L-selectin: Mechanisms and physiological significance of ectodomain cleavage

Cardiovascular Research Center and Department of Biomedical Engineering, University of Virginia, Charlottesville, Virginia, 22908-1294, USA.
Journal of Cellular and Molecular Medicine (Impact Factor: 3.7). 04/2005; 9(2):255-66. DOI: 10.1111/j.1582-4934.2005.tb00354.x
Source: PubMed

ABSTRACT L-selectin is a cell adhesion molecule consisting of a large, highly glycosylated, extracellular domain, a single spanning transmembrane domain and a small cytoplasmic tail. It is expressed on most leukocytes and is involved in their rolling on inflamed vascular endothelium prior to firm adhesion and transmigration. It is also required for the constitutive trafficking of lymphocytes through secondary lymphoid organs. Like most adhesion molecules, L-selectin function is regulated by a variety of mechanisms including gene transcription, post-translational modifications, association with the actin cytoskeleton, and topographic distribution. In addition, it is rapidly downregulated by proteolytic cleavage near the cell surface by ADAM-17 (TACE) and at least one other "sheddase". This process of "ectodomain shedding" results in the release of most of the extracellular portion of L-selectin from the cell surface while retaining the cytoplasmic, transmembrane, and eleven amino acids of the extracellular domain on the cell. This review will examine the mechanism(s) of L-selectin ectodomain shedding and discuss the physiological implications.

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Available from: Klaus Ley, Jul 28, 2015
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    • "Following cellular activation, leukocytes increase expression of L-selectin, which is then shed by proteolytic cleavage into a soluble form that inhibits leukocyte adhesion, and hence modulates the speed of leukocyte rolling (Hafezi-Moghadam et al., 2001; Smalley and Ley, 2005). Selectins bind to specific ligands through weak interactions, which enable leukocytes to roll on endothelium; among them, the P-selectin glycoprotein ligand-1 (PSGL-1), constitutively expressed by leukocytes, binds all three members of the selectin family (Moore, 1998). "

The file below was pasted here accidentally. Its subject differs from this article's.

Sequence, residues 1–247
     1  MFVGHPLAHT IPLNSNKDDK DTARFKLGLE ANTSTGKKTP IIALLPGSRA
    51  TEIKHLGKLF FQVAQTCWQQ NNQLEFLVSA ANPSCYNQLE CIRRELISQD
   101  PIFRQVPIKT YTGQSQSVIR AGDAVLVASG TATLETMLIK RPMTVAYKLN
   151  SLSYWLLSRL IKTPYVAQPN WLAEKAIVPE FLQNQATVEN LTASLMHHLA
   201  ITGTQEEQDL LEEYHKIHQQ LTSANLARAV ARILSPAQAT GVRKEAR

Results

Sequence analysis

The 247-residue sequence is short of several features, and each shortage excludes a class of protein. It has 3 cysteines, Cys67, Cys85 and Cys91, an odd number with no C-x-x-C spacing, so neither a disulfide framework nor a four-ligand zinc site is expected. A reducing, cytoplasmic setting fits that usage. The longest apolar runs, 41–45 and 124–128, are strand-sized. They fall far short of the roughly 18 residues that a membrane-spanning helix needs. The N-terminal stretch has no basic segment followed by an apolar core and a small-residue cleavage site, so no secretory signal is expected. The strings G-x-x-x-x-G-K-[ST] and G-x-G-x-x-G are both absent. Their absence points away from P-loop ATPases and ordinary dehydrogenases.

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    • "L-selectin mediates the rolling of the neutrophils along endothelial cells, as it is rapidly expressed by activated neutrophils and interacts with constitutive carbohydrates or even with P-or E-selectin expressed on endothelial cells [14]. L-selectin is cleaved, by action of metalloproteases, pointing to the leukocytes become arrested to the endothelium [15]. Therefore, integrin family molecules, especially í µí»½2-integrin subfamily molecules, which are mostly expressed by leukocytes, mediate firm adhesion by interacting with a diversity of endothelial membrane components and immunoglobulin superfamily molecules. "
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    • "This is in contrast to what has been shown to occur on memory B cells, in that CD62L is present at higher levels. Why naïve B cells express lower levels of CD62L in these tissues is unclear; CD62L is known to be shed upon engagement [26] and this molecule may be playing a role in either extravasation into the underlying tissue, or in the migration of B cells within the tissue. In the intestinal LP, the picture was a little less clear than in the lung and liver, since levels of expression of both CD73 and CD86 were higher when compared to cells from lymphoid tissue. "
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